The Two Sultans of Oman: from Qaboos to Haitham bin Tariq

Published February 19th, 2020 - 06:57 GMT
Haitham bin Tariq Al Said /AFP
Haitham bin Tariq Al Said /AFP

On Friday January 10th 2020, Oman’s Sultan Qaboos died after a long battle with cancer. He stood as the Middle East’s longest serving ruler, reigning the Sultanate for half a century. Within hours of his passing, Qaboos’ cousin and Oman’s former culture minister, Haitham bin Tariq was sworn in as the new Sultan of Oman.

 

The royal council did not engage in a three-day debate on who should be the new successor, as was expected. Instead, they accepted Qaboos’ choice, enclosed in a letter he’d left in a sealed envelope.

In a televised address, the envelope and its letter were revealed, no doubt to assuage fears of uncertainty both within the region and within Oman itself. “The videos coming out of Oman show the entire succession process from start to finish,” explains Washington Institute Fellow Elana DeLozier. “The message to [Omanis] and the world: we are organized, we are stable and coherent, our new leader has total legitimacy”. 

video footage of Haitham’s coronation shows him looking nervously on, swallowing perhaps both anxiety and emotion as he is saluted by cannons and soldiers alike

Yet, as Sultan Haitham was crowned, was stability a given? It is impossible to know what was going through the 65-year old’s mind, but video footage of Haitham’s coronation shows him looking nervously on, swallowing perhaps both anxiety and emotion as he is saluted by cannons and soldiers alike.

With US-Iran tensions, domestic unemployment and a brush with the Arab Spring, there is much to be anxious about. Sultan Haitham bin Tariq must move quickly to assert his own legitimacy, and he will have to contend with Qaboos’ own legacy as the father of modern Oman.

Qaboos the Modern Monarch

After seizing power from his isolationist father, Sultan Said bin Taimur in July 1970, Qaboos addressed the nation for the first time. “I promise you to proceed forthwith in the process of creating a modern government. My first act will be the immediate abolition of unnecessary restrictions on your lives and activities.” 

From 1970-75, Qaboos successfully quelled a rebellion known as the Dhofar War.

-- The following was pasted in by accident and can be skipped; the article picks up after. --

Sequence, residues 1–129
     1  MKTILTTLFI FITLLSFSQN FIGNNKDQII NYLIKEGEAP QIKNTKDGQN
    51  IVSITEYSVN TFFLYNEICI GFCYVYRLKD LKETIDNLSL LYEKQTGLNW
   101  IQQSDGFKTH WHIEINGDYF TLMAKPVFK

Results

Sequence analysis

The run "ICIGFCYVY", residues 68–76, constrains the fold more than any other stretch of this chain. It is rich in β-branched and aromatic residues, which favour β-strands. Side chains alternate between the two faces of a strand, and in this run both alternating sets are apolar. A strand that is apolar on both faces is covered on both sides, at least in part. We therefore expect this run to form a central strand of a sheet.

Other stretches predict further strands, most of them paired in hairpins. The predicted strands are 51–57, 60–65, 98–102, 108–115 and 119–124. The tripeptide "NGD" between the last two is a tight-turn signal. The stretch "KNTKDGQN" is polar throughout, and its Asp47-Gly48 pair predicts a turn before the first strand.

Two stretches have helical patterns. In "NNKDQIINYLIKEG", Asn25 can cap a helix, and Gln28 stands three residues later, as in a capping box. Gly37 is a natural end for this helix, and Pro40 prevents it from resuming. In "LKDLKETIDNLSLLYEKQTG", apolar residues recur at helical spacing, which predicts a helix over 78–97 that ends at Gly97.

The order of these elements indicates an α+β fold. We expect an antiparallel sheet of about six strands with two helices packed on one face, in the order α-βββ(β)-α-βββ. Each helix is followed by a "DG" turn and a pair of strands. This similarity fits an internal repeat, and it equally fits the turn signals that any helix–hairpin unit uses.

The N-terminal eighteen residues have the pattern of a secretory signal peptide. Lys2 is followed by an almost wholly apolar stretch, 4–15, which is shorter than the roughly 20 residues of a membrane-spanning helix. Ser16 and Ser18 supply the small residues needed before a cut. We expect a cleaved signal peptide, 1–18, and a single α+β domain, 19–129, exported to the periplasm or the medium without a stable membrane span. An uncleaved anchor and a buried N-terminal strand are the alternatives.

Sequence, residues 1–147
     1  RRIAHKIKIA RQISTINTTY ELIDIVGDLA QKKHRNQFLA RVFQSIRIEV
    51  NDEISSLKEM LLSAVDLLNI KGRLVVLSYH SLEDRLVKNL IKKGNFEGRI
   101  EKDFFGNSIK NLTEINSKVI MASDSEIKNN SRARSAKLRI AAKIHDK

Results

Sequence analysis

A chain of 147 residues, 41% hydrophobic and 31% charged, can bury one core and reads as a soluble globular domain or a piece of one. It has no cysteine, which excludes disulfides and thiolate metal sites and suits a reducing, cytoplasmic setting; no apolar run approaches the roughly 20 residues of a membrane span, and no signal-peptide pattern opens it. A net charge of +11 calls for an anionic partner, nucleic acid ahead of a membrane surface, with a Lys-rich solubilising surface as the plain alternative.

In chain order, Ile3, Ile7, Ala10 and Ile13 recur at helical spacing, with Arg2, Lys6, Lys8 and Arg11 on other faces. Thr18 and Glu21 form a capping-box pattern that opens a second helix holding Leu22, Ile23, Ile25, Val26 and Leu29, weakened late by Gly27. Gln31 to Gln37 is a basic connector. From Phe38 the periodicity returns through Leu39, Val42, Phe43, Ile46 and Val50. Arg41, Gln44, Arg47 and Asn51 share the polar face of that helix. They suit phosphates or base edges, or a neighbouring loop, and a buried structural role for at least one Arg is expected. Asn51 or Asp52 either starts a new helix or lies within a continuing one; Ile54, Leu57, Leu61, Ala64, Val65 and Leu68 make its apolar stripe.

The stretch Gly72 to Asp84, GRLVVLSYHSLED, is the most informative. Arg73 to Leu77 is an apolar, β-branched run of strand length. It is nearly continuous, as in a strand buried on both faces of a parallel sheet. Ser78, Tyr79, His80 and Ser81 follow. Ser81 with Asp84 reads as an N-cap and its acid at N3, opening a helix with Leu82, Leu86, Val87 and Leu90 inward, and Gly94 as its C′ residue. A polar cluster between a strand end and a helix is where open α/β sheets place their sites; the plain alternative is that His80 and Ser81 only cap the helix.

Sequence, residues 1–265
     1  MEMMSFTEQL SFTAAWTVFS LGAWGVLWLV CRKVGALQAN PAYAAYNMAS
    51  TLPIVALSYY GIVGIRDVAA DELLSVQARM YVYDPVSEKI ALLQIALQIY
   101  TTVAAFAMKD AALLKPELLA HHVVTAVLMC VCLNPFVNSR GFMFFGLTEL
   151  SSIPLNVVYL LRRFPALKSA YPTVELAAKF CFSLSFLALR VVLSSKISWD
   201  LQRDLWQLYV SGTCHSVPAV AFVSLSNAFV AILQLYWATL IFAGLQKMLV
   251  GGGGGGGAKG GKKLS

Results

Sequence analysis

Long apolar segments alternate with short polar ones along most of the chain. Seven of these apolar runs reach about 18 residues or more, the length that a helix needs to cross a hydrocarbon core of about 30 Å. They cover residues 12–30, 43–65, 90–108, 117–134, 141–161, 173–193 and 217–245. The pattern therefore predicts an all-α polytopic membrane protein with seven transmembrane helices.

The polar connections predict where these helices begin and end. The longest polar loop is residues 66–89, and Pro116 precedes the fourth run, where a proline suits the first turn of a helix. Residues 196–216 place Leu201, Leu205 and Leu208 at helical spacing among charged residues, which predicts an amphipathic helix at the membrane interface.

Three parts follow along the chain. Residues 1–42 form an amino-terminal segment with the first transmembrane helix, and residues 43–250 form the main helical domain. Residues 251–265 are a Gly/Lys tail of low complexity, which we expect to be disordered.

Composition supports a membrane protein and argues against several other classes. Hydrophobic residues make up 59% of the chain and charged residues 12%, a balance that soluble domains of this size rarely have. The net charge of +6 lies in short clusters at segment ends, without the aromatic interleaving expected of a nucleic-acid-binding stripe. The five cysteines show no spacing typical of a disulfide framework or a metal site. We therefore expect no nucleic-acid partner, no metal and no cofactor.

From 1970-75, Qaboos successfully quelled a rebellion known as the Dhofar War. A conflict funded by (external) communist forces and originally a response to Qaboos’ reactionary father, Qaboos responded by granting amnesty to all Dhofari rebels who promised to lay down their arms while also portraying the communist  Popular Front for the Liberation of Oman as un-Islamic and therefore without the religious legitimacy that he as Sultan carried.

It is worth mentioning that at 29 years of age, the inexperienced Qaboos received military advice from British contacts, especially Timothy Landon, a former Sandhurst classmate turned Brigadier who convinced Qaboos to overthrow his restrictive father. “Landon was the catalyst for the coup,” explains John Beasant, author of 'Oman: The True Drama and Intrigue of an Arab State.' “Landon’s single greatest achievement was being available to the Sultan at a time when Qaboos came to the throne yet had no experience of governance whatsoever.”

According to Guardian journalist Michael Barber, it was also Landon who advised Qaboos on ensuring not only military success but reaching out to ordinary Omanis through a hearts and minds campaign. Oman’s SAF or Sultan’s Armed Forces would battle insurgents while also running newly-erected hospitals and related public services. From a British-advised gendarmerie, the SAF became “an ambitious civic development programme financed by the country’s burgeoning oil revenues. By 1976, Dhofar was free of insurgents.”